Nuclear Medicine

What Is Nuclear Medicine?

Nuclear medicine is the use of small amounts of radioactive materials (called radiopharmaceuticals) to diagnose and treat diseases. Radiopharmaceuticals are substances that are attracted to specific organs, bones or tissues. These radiopharmaceuticals emit gamma rays that can be detected by special types of cameras. These cameras work together with computers to form imaged s that provide info about the area of the body being scanned.

While X-rays take an image of the body’s anatomy, nuclear medicine shows the organ function and physiology. For example, nuclear cardiology, which involves imaging the heart during vigorous exercise, helps doctors determine the function of the heart muscle.

When Is Nuclear Medicine Used?

Nuclear medicine is typically used to measure or detect a variety of diseases and conditions, such as hyperthyroidism, heart function, orthopedic injuries, blood clots in the liver and lungs, and gall bladder function.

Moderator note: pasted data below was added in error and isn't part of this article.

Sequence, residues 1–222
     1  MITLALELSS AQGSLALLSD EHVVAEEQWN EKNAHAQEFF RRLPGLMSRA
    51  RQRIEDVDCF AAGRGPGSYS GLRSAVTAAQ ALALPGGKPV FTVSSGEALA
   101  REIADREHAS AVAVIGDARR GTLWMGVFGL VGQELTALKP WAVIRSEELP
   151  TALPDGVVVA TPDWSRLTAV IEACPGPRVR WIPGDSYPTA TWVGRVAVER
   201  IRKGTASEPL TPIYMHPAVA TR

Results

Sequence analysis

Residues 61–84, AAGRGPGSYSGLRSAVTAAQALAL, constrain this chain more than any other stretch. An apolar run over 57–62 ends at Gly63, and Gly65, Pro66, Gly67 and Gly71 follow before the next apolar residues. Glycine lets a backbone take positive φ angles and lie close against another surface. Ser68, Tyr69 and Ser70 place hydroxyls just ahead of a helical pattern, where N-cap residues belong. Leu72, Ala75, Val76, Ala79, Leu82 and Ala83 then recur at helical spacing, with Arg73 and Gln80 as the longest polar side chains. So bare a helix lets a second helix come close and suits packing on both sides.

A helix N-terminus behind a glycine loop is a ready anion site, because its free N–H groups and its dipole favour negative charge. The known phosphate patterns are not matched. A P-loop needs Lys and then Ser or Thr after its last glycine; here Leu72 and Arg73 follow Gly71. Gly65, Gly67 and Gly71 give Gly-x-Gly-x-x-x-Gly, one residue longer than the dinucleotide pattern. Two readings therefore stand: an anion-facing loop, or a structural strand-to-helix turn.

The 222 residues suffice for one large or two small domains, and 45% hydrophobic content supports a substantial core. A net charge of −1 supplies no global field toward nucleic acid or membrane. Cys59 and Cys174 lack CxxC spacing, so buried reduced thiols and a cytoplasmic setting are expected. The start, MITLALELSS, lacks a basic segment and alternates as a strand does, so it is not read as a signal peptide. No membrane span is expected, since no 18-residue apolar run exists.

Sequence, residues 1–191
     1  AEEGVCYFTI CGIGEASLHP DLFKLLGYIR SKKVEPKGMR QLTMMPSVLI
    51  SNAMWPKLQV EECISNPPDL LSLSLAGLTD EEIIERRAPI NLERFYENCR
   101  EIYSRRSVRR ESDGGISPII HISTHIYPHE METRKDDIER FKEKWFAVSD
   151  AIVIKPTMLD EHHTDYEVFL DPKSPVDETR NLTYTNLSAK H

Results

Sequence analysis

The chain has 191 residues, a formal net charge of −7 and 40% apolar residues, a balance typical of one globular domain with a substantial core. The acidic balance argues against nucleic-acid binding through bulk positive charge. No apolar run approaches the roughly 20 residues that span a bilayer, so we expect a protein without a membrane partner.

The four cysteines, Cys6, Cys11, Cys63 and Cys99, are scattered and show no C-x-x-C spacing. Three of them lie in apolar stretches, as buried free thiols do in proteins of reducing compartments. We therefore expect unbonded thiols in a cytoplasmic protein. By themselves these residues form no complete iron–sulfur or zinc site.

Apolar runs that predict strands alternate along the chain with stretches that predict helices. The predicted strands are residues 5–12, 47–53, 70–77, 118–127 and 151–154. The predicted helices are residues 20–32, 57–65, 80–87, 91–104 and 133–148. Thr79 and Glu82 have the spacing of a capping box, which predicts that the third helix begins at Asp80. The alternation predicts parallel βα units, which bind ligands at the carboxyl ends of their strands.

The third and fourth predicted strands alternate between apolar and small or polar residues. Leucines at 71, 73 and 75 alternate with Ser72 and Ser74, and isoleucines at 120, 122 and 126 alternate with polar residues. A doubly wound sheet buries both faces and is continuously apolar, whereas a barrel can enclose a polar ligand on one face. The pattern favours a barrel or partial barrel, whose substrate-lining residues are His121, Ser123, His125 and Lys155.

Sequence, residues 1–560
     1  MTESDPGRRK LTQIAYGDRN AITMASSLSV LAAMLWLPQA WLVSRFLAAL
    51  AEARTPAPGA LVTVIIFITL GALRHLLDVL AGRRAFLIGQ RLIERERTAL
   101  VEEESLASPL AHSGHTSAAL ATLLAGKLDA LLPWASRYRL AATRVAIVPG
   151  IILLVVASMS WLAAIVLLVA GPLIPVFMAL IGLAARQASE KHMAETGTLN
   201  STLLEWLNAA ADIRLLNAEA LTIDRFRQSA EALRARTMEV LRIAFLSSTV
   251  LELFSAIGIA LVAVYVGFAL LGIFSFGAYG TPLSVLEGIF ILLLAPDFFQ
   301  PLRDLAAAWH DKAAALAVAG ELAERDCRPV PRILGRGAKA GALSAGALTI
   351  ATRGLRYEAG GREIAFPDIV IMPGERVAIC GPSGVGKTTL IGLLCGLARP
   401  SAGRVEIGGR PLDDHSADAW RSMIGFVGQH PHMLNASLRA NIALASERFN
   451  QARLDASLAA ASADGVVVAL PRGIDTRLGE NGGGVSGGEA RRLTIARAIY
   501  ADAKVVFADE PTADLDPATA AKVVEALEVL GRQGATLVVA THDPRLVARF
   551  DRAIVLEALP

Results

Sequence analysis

What Happens During a Nuclear Medicine Procedure?

During this procedure, the patient is given a low-level radioactive compound called an isotope that will be injected, inhaled, or swallowed depending on what type of test is being performed. Depending on the exam, the radiologist may ask the patient to return at a later time to give the isotope some time to process in the body.

The organ that is being examined will emit radiation continuously during the exam, which is detected by a special camera and processed through a computer. Patients typically do not experience any side effects or allergic reactions since most of the compounds used in nuclear medicine are naturally-occurring substances in the body. The length of the exam depends on the type being performed. A technologist is available throughout the exam to answer any questions a patient has.

What Are the Benefits and Risks?

Nuclear medicine is a non-invasive procedure. It allows physicians to get medical information that would not be available otherwise, or that would require surgical intervention. It is safe and painless, using very small doses of radioactive materials to diagnose and treat disease. The amount of radiation received from a nuclear medicine procedure is similar to that received during a traditional X-ray exam.